I know that’s not possible for everyone, but for me it was.
Because even though you were deciding to end the marriage, there was still a friendship.
What Surprises And Challenges Did You Encounter Through The Divorce Process?
The grief. Of the different emotions that came over me that were really unexpected, I felt grief the most. I’d lost the ideal marriage, or at least the kind of marriage I wanted, and grief or fear would come over me, and it would be strong at times.
I’m not going to sugarcoat that. Sometimes it would be like, “Oh my God, what did I do?” Lots of fear and grief. It almost made me think I made the wrong decision, as if I needed to go back.
You second guessed yourself.
I had to ask the hard question: If you went back, how would that be for him and you? But that’s not being honest; we would just continue to live that way.
Anytime we make a change to the status quo, it takes us outside of our comfort zones, and you felt that.
It was a personal stretch for me to learn how to handle finances and how to invest my money. It stretched me in every single way. But when you get honest about it, staying would have been harder than the risk and the unknown and the uncertainty. That’s when you just trust that you’ll find your way through it.
That’s probably one of the hardest muscles to build—learning to rely on yourself.
Yes. I did not have a huge muscle at that point about believing that I could handle being alone.
What Role Did Your Values Play In Your Divorce Process?
My values were the roadmap for handling conflict. I took a deep breath when there was conflict and frustration and worked on not reacting. Even when I did, I was able to own it and work with it.
I had to fully embody all the things I teach at the highest level during this time. I stayed true to my values of connection and finding the “win-win.” That’s something I go with—can I find the win-win in a situation that’s important to me?
I had to be clear about what my “yes” and my “no” were going to be. I had to consider what I could give up, and what I could let go of. I had to see through his eyes and honor him and not just make him wrong because I felt like crap.
The other spectrum of that is placating and just giving in, and I think a great guiding principle is getting clear with yourself about what your “yes/no” is.
And that can be hard because we are an external culture. We do what looks good, or we consider what others think we should do. We need to learn to ask the question: What is important to me? What is my yes and no?
Being able to communicate that took me to a whole new level. That wasn’t what he wanted, but I had to learn how to communicate and stay in the conversation without getting mad or triggered because you don’t get anywhere in that place. Learning to stay true to my values was important, and I got a lot of support during that time.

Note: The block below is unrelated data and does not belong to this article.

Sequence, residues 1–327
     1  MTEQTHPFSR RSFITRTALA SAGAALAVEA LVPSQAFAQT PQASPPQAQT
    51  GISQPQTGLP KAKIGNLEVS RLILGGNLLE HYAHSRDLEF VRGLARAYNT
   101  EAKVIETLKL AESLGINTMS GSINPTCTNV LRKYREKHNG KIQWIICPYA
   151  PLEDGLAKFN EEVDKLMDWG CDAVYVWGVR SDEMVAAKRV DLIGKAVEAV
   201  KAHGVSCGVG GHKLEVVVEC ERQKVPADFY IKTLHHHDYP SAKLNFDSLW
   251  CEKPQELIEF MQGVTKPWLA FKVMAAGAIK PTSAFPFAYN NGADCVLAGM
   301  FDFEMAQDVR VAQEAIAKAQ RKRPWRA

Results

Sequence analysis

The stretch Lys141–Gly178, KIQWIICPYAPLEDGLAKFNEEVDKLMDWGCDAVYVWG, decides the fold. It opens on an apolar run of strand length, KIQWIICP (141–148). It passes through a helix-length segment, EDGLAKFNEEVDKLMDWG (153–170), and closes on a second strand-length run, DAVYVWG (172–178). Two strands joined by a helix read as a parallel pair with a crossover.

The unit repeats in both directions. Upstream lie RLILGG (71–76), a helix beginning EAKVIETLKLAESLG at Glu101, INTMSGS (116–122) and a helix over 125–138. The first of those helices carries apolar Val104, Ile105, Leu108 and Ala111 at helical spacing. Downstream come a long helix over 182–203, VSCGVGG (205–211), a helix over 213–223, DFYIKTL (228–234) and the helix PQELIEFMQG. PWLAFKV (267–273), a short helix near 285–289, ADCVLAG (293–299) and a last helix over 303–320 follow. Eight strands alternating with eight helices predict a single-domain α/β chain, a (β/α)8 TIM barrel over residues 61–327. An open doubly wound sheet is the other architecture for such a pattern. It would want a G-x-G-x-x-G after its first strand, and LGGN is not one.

I appreciate your honesty because I think one of the things about collaborative divorce is people think, “Oh, it’s going to be so easy for everybody who’s in agreement, and maybe it’s easy to kind of walk away and just forget.” But the truth is that the collaborative divorce process was created to resolve conflict.
Conflict is a natural part of divorce, and one of the things we do in the collaborative divorce process is spend time asking the parties: “What are your goals?”
That’s a time for people to get really clear about what their own personal values are and to let those values guide and direct them. You did that.
I appreciated that part of the divorce with Hargrave Law. It made me dig deep to say what’s most important to me. That process of checking in to see what are my values? What do I want? What is important to me? The way that was handled helped me get clear about what I was willing and not willing to do.
Let’s shift now and talk a little bit about life after divorce.
Where Are You Now After Your Divorce?
First of all, my relationship with my ex is great. I think I’m most proud of that because there’s so much I respect about him, and I do care about him. So, for us to maintain that is great.
I feel like a completely different person. I’m so much more in alignment with the way I’m living and my choices. I know more about who I am.
I’ve learned to be alone and feel so much more empowered. I know how to handle finances. I get to make mistakes and learn and grow from them.
And I’ve taken my business to another level. It really stretched me into my passion. I just feel calm and more at peace.
Tell us a little bit about your relationship with your daughter. You said that one of the things that you feared was that she would be angry at you and choose dad over you.
My relationship with my daughter is amazing, and I’m so thankful for that. A lot of it was my ability to listen to her through this process.
I actually had a conversation with her last night. I said, “I just want your feedback. What it was like for you?”
And she said, “I’m so glad you did not put me in the middle.”
She said, “Mom, I’ve had friends that I’ve watched their parents not get along, and the kids are in the middle, and it’s horrible. For y’all not to do that was so impactful. Even though it was hard on me, it made it so much easier.”